“This is Where Craftsmanship Meets Technological Innovation”

The 1000sqm technical center with a dry and clean room is a piece of heart of the MEET battery research center. Here, around 170 scientists are researching batteries of the future. Yvonne Höppener and Jonathan Dylong explain the role of the technical team in MEET research and the challenges in battery cell production.

How can we imagine a typical working day for the MEET technical team?

© MEET / Kerstin Heinemann

Jonathan Dylong: “We start in a very classical way and check our emails to see which battery cells need to be built. We receive these 'orders' either MEET internally from the research divisions or externally from cooperation partners such as other universities, research institutions or from industry. Then we are off to the labs, where we spend most of our time. Our work there is highly specialized, as we assemble battery cells in about 15 coordinated steps – similar to a manufactory. This detailed workflow is needed to be able to vary each individual step and to produce a large variety of battery cells. In total, we produce about 2,000 battery cells per year on lab and test scale.”

Yvonne Höppener: “These battery cells are then used in research – either by us or by our partners. We spend most of our time in the drying room of MEET Battery Research Center. There we manufacture the battery cells in an environment that is precisely tailored to the needs of battery cell production: The 100sqm room has a maximum water-free atmosphere with a relative humidity of 0.02 per cent. A dryness even more intense than in the Sahara and with a constant temperature of 20 degrees – ideal for battery research”

What characterizes the cooperation between the technical team and the scientists in the MEET research divisions?

Yvonne Höppener: "Definitely a close exchange! In the research divisions, for example, various ideas are developed; these can comprise of a modified cell design or the use of new materials to improve the performance of a cell. We then implement these ideas practically so that the researchers can carry out further experiments with these by us designed and assembled battery cells.”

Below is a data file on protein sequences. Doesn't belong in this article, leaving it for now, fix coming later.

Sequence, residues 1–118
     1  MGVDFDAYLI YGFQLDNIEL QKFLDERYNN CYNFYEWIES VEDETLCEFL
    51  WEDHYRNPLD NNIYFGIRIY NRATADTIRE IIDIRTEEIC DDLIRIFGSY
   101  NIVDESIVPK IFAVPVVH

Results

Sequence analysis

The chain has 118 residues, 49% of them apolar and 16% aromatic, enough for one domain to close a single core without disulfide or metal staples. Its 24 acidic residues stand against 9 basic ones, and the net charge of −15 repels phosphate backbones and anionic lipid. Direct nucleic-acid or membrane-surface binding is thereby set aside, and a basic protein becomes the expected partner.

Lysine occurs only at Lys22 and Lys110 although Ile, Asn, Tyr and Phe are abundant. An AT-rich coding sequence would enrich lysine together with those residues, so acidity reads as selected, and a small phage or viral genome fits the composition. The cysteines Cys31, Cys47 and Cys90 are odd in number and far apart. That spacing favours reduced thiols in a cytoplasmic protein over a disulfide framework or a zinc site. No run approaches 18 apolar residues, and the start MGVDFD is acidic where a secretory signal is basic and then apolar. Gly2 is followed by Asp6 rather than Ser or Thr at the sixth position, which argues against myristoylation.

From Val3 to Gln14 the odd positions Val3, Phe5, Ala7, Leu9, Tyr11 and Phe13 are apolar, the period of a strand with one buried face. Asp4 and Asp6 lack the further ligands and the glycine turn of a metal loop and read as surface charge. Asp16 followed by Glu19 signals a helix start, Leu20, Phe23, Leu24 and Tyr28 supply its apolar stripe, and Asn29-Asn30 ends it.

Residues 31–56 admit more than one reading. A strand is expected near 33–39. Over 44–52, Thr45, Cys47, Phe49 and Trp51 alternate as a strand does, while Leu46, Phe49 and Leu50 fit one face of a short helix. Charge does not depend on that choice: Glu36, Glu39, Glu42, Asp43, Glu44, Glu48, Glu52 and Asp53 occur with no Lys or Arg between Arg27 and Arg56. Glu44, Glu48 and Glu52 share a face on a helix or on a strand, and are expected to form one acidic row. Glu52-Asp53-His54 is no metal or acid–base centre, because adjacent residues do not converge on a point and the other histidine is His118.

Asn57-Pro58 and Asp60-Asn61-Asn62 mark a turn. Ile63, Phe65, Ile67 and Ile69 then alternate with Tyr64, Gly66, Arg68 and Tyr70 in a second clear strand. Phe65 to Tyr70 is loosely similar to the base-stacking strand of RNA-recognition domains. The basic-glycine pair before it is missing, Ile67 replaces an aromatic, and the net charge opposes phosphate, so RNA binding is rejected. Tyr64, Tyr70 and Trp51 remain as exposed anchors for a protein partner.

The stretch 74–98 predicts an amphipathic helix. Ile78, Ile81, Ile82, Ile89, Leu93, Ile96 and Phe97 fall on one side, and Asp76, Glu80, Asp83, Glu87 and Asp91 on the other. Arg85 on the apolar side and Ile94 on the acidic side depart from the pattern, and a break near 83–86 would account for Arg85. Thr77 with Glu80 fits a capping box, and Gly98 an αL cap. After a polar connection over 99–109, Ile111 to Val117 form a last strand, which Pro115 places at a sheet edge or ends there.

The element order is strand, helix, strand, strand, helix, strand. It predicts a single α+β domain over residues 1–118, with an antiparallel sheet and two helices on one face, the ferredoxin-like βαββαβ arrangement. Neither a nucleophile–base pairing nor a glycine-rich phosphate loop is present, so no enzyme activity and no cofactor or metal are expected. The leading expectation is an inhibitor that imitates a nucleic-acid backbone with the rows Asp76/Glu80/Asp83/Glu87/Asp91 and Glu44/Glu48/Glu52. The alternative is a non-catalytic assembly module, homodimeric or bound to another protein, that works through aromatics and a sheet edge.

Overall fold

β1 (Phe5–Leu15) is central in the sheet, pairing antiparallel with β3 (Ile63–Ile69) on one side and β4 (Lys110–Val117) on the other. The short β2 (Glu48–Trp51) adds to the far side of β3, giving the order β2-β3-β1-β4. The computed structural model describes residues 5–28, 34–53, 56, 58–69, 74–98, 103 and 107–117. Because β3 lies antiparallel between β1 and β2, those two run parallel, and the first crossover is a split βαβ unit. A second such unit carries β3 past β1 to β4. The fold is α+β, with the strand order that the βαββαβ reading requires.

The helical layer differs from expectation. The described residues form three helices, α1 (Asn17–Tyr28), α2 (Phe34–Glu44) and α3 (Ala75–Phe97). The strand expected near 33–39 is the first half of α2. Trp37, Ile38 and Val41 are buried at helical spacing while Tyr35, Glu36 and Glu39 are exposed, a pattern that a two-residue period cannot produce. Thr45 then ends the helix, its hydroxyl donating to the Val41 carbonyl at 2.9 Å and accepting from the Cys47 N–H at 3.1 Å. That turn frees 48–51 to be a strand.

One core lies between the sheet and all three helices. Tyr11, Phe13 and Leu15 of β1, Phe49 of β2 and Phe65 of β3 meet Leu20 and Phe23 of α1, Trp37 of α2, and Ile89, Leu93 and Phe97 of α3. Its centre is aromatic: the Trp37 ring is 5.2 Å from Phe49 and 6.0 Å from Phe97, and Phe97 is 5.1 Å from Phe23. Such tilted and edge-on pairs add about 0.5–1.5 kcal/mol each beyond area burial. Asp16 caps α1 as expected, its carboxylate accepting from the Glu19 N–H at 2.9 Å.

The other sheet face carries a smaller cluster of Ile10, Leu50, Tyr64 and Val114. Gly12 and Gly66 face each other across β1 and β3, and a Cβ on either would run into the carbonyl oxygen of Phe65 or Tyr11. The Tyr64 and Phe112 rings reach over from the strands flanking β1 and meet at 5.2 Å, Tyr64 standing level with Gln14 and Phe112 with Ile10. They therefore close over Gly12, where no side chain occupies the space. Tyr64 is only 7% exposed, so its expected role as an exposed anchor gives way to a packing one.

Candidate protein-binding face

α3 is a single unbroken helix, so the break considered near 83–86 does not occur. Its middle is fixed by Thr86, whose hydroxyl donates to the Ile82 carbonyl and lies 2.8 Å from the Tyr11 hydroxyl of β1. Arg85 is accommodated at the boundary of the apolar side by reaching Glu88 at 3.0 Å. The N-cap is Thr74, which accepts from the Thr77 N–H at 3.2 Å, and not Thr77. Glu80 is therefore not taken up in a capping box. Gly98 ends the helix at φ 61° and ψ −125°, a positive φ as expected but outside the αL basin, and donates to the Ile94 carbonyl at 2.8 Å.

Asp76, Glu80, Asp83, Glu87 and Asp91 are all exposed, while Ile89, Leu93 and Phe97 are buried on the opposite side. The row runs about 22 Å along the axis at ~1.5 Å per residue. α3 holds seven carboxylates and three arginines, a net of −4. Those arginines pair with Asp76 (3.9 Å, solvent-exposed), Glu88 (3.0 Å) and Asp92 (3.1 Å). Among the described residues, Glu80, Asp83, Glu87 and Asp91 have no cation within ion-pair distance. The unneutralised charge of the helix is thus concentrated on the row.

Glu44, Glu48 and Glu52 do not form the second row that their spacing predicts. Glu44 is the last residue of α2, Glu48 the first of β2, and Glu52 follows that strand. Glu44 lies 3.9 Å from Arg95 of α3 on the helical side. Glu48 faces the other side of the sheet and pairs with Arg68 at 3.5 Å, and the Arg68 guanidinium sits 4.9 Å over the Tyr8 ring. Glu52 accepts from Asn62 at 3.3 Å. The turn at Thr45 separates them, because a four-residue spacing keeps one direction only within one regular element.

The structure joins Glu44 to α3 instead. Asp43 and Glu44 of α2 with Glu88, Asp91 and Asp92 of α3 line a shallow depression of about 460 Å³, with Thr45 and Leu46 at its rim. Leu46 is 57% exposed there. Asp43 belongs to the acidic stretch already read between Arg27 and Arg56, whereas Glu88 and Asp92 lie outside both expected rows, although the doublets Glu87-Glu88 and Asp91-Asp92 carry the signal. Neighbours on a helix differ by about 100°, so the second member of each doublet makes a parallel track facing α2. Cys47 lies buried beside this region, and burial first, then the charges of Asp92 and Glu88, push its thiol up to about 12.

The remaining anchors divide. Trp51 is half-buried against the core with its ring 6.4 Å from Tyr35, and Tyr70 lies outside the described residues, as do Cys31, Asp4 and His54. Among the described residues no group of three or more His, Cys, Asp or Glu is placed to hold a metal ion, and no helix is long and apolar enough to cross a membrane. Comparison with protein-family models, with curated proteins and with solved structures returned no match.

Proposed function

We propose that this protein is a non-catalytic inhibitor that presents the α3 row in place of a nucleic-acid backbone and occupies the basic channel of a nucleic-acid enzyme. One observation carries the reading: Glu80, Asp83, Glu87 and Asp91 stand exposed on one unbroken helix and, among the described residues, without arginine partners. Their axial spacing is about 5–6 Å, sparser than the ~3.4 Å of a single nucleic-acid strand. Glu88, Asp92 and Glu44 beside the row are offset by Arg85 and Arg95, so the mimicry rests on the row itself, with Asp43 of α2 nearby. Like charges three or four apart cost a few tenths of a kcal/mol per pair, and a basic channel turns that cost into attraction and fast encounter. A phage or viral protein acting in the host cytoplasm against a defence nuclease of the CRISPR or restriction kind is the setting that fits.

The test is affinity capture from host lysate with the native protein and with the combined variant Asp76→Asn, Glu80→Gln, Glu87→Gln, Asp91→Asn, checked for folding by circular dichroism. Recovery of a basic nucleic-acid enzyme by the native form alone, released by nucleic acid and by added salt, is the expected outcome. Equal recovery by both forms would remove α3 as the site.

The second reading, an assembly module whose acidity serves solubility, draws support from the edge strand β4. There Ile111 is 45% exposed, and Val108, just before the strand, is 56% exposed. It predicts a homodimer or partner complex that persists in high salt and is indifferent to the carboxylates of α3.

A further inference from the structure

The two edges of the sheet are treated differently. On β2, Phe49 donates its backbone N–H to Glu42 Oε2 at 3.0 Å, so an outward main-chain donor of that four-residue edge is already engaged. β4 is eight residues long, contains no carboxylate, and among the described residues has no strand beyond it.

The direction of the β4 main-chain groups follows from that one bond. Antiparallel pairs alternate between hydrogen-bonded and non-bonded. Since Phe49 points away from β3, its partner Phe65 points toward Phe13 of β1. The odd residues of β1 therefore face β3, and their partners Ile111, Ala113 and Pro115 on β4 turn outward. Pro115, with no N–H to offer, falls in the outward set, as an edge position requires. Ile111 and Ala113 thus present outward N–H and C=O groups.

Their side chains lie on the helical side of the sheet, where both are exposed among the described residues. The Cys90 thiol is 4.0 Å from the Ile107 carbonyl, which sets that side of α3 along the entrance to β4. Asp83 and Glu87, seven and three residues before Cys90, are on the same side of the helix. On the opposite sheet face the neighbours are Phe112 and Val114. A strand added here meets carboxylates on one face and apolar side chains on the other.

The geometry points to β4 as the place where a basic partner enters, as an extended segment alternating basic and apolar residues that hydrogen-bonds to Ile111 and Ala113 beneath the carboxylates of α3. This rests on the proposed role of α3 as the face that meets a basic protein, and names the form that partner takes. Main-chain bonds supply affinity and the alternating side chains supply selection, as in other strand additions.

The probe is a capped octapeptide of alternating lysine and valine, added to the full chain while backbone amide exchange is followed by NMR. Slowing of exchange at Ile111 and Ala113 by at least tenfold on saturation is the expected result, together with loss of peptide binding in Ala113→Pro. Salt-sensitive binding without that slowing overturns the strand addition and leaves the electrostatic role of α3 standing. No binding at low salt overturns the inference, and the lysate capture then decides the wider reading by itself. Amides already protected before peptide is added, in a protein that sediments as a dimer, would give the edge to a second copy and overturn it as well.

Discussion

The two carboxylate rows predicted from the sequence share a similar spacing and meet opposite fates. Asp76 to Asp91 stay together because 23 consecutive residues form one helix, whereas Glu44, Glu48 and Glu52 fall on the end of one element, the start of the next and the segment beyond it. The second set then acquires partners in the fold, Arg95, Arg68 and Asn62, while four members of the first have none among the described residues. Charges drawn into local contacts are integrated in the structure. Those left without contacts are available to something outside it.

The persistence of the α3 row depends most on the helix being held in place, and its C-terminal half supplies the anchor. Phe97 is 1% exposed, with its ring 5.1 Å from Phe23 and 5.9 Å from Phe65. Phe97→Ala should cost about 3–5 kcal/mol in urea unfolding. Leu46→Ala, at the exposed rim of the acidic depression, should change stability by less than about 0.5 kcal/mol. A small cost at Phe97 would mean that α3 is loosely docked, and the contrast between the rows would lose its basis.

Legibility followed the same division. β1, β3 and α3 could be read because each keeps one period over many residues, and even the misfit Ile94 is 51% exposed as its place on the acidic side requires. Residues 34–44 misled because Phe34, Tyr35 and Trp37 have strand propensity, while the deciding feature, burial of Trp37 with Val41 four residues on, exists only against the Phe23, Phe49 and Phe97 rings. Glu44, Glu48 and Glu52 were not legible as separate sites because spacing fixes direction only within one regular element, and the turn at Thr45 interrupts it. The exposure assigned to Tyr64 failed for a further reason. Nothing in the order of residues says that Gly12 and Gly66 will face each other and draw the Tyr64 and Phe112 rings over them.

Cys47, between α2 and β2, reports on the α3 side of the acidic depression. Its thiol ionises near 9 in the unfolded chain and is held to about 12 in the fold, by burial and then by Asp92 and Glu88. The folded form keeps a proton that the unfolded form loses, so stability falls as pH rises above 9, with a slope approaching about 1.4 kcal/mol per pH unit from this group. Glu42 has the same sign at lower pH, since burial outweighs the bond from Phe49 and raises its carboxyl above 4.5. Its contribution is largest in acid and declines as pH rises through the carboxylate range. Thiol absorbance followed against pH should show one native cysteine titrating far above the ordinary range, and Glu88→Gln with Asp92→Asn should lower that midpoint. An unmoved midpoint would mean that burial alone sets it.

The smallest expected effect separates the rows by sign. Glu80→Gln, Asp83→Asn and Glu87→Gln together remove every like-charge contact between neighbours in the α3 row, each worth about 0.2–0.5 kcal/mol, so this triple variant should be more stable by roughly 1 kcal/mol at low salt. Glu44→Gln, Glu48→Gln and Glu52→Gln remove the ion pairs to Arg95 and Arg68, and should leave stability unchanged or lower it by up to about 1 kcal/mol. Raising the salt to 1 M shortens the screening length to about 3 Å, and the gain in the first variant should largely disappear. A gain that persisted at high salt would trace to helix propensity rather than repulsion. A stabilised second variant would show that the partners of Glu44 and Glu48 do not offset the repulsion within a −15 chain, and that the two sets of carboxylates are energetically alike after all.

Jonathan Dylong: “Together with the colleagues from science, we are not only focusing on existing battery technologies, but also on future technologies such as the production of lithium metal batteries or the aqueous processing of cathode materials at a very early stage at MEET. At the same time, we are working on optimizing existing manufacturing processes for battery cells: Whether better mixing processes for materials, alternative techniques for coating or new cutting methods.”

What is the “fascination of battery research” for you?

Yvonne Höppener: “For me, it's the combination of curiosity and patience. For example, we are working on lithium-ion technology, which has become an established technology. Nevertheless, there is still enormous potential for further development. There are always new approaches and the technology is constantly developing. At the same time, it takes a lot of patience to validate novel ideas in view of their feasibility or to find solutions to upcoming challenges.”

Jonathan Dylong: “I am fascinated by the width of battery research. At MEET, we research along the entire value-added cycle of batteries: from raw materials ober the finished cell to recycling. We are very closely networked. And in our technical team, craftsmanship meets technological innovation – a totally appealing mixture!”